Greenland has taken the first step towards outlawing uranium mining after lawmakers there proposed a stricter version of a ban that the country’s national assembly overturned in 2013.
Only July 2, the elected government began a month-long public consultation period for a proposed bill that, in addition to mining uranium, would prohibit the feasibility studies and exploration activities that must be completed before a mining project can be considered for a license to begin operation.
According to proposal, Naalakkersuisut, the elected government, is hoping that a reinstatement of what was known as the zero-tolerance policy, to achieve its goal of ensuring that “Greenland neither produces nor exports uranium.”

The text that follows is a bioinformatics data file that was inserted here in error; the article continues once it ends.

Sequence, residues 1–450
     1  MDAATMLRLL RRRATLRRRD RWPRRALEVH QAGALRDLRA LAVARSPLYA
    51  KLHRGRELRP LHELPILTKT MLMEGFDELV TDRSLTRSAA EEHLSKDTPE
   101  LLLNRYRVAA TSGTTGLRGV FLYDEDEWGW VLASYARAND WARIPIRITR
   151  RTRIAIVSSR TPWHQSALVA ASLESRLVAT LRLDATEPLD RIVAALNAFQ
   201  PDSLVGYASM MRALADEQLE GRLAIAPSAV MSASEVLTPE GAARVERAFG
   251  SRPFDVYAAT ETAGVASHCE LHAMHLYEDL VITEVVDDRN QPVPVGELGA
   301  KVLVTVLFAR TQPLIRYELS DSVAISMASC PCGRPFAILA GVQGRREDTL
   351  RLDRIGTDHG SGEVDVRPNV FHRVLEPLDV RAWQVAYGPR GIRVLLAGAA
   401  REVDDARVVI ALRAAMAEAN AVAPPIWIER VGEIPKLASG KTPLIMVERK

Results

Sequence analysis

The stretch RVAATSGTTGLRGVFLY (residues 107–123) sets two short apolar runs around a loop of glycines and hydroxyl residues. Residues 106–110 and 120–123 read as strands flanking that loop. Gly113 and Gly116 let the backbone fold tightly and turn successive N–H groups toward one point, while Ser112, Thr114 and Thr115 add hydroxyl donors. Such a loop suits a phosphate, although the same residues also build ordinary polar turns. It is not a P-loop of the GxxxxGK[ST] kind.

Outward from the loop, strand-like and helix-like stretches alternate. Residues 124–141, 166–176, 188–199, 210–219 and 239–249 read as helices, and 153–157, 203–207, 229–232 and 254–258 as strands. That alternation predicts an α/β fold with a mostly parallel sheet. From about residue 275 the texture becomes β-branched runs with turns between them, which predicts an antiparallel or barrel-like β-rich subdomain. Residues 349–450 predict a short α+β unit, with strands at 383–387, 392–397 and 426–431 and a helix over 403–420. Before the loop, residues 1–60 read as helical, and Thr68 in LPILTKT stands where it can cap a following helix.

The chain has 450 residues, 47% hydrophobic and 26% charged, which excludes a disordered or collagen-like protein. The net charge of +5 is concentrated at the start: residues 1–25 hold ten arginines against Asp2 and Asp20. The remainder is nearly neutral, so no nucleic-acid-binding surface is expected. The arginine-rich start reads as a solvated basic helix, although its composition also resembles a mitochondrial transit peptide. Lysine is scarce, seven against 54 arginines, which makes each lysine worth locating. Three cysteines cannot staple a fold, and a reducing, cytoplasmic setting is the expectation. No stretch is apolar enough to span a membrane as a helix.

Overturning the original ban allowed Greenland Minerals, an Australian firm, to proceed with its efforts to establish a rare-earths mine at Kuannersuit (also known as Kvanefjeld), in southern Greenland.
But that mine, which is currently in the final stage of the approval process, would be located in an area that is high in uranium, and residents of nearby Narsaq fear that activity there would kick up radioactive dust that would settle on the town.
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